Contested Divorce Lawyer
Prenuptial Contracts (Prenups)
A prenuptial agreement is a contract by parties planning to get married who wish to opt-out of the usual 50/50 marital property split laws and create their own separation and divorce plan.
As a rule, a prenuptial agreement determines the alimony and property rights of a couple in marriage and in the event of a divorce.
In today’s day and age, many couples contemplate marriage after having one or more prior divorces and being parents to separate children from prior relationships. People worry about their family fortunes and preserving family assets without sharing with their new spouse.
Prenuptial Agreements Include Provisions that Define:
- The procedure and ownership for buying a valuable property during the marriage
- The procedure for post-purchase management and disposal of property bought during the marriage using funds from one or both parties
- Contribution of each spouse to the maintenance of the property.
- Inheritance for pre-marriage separate children of the parties (although each party should then have a separate Will and perhaps consider creating trusts for their separate children)
- What happens when one party dies during the marriage (waivers of inheritance) and the related estate provisions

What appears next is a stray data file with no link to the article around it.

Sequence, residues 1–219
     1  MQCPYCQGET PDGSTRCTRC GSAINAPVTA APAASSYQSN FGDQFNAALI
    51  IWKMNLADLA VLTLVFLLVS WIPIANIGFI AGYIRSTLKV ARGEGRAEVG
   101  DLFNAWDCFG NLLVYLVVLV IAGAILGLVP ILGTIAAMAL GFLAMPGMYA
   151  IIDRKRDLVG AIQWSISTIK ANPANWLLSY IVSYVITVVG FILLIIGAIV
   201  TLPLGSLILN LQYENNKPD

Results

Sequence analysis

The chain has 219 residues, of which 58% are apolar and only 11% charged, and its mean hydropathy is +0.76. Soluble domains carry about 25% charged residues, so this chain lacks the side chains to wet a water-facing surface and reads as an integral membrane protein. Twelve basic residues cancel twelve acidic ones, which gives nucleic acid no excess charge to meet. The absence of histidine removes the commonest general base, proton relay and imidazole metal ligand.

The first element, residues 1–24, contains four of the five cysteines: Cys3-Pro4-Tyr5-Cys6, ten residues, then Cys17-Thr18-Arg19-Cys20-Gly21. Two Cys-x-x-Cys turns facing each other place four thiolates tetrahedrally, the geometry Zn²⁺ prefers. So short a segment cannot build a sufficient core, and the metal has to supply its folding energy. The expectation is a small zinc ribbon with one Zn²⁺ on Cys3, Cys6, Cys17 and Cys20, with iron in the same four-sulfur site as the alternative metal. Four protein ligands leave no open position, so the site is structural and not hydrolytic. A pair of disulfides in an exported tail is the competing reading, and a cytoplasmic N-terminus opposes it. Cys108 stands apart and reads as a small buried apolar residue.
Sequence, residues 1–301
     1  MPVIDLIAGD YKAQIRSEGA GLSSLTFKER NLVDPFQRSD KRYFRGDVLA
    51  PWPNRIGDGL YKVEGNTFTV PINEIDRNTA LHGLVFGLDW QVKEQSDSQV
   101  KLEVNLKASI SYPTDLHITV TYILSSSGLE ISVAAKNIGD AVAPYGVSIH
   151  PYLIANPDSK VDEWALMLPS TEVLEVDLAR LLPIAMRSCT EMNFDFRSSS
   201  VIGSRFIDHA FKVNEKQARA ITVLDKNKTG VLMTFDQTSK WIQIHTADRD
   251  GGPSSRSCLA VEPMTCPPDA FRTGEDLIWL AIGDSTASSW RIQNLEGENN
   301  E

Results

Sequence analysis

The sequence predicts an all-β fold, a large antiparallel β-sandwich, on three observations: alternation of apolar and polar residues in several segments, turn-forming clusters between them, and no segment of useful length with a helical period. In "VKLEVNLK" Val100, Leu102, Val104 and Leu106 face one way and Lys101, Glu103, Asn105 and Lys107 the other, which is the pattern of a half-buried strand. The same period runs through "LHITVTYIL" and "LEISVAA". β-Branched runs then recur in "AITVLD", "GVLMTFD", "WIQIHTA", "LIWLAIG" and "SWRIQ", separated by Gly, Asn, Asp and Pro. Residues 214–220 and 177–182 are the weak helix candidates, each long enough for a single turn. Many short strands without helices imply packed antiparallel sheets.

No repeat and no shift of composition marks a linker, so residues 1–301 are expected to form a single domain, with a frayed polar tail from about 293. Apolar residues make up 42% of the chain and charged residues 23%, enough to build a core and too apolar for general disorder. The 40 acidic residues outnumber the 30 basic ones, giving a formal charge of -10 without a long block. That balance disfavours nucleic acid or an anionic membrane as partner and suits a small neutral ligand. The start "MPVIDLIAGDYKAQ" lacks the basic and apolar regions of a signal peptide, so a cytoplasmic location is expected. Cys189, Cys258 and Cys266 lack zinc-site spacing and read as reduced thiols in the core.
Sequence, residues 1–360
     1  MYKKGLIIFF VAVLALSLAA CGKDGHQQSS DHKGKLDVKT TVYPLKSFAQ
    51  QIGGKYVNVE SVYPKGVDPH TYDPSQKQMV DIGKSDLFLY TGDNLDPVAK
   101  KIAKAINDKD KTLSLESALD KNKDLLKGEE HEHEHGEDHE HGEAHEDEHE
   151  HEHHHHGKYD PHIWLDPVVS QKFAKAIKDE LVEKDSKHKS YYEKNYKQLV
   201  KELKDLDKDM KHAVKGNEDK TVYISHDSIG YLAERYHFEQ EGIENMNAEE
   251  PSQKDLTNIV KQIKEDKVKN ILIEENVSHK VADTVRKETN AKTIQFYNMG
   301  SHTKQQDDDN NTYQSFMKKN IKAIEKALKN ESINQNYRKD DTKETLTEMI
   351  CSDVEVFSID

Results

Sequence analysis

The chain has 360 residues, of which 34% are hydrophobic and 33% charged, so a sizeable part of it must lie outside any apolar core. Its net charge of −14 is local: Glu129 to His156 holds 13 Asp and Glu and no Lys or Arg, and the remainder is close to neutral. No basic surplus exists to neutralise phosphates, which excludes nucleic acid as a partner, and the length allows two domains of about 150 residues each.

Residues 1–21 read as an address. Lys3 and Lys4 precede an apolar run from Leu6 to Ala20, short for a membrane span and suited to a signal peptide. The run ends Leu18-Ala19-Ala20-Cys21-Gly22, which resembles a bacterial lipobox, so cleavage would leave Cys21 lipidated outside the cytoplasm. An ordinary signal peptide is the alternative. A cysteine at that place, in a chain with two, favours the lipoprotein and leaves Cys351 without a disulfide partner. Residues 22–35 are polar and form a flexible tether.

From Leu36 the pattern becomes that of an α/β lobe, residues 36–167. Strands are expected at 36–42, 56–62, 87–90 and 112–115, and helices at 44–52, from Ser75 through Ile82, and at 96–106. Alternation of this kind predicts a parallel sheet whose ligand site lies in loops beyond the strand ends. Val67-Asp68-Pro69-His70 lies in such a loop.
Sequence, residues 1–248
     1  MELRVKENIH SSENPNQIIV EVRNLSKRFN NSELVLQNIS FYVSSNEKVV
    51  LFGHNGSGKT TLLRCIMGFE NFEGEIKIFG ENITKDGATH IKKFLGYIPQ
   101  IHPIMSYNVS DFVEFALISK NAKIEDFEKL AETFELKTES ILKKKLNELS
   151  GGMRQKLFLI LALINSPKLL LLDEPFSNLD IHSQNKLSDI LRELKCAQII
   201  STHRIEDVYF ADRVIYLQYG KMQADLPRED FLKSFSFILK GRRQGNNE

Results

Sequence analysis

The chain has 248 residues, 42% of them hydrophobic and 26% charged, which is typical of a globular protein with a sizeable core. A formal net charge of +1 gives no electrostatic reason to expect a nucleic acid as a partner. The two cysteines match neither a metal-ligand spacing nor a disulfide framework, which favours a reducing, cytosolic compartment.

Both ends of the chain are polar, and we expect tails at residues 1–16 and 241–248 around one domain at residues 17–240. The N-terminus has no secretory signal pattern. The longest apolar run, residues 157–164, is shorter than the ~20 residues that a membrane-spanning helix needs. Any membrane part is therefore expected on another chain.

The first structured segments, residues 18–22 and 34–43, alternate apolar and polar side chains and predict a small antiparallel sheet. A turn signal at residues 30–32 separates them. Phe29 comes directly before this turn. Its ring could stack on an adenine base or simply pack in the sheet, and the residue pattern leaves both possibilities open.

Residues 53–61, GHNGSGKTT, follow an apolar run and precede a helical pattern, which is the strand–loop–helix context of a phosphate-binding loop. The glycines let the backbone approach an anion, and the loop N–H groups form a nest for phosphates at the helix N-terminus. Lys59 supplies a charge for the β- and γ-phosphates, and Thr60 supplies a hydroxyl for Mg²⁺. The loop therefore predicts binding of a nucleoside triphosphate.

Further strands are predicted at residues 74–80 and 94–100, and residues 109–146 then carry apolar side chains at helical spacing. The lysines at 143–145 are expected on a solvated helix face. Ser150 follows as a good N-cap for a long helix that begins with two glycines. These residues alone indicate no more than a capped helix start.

- Confidentiality clauses
- Financial penalties for both spouses in case of breach of contract.
The parties may even agree to structure ownership splits based on how long their marriage will last.
When drawing up a prenuptial agreement, the attorneys for both sides consider the following information:
- Information about income, resources, real estate ownership and financial assets of each party
- Debts of each party
- Family structure and separate children of each party
- Family trusts set up in the past
Prenuptial agreements are invalid without full financial disclosure by the parties to each other of the income, resources, assets and debts each may have.
It is highly recommended to use two attorneys in the preparation and negotiation of Prenuptial Agreements.
If you have an attorney, that attorney must sign the prenuptial agreement to indicate that they assisted you in drawing it up and you acted on their advice.
If English is not the first language of one or both parties, each party must ensure the agreement is read and reviewed with them in their native language.
Post-nuptial Agreements (Postnups)
When people decide to get married, they enter a contract of marriage and agree to share all their income and assets with each other. In the event of divorce, all the marital property is subject to being divided 50/50, or equitable distribution. Ownership rights to marital property are governed by the state’s domestic relations laws. However, even where the parties were married without signing a prenuptial agreement, they are free to enter a Post-Nuptial agreement (also called Postnup) to change their individual situation and opt-out of the state-dictated legal domestic relations structure.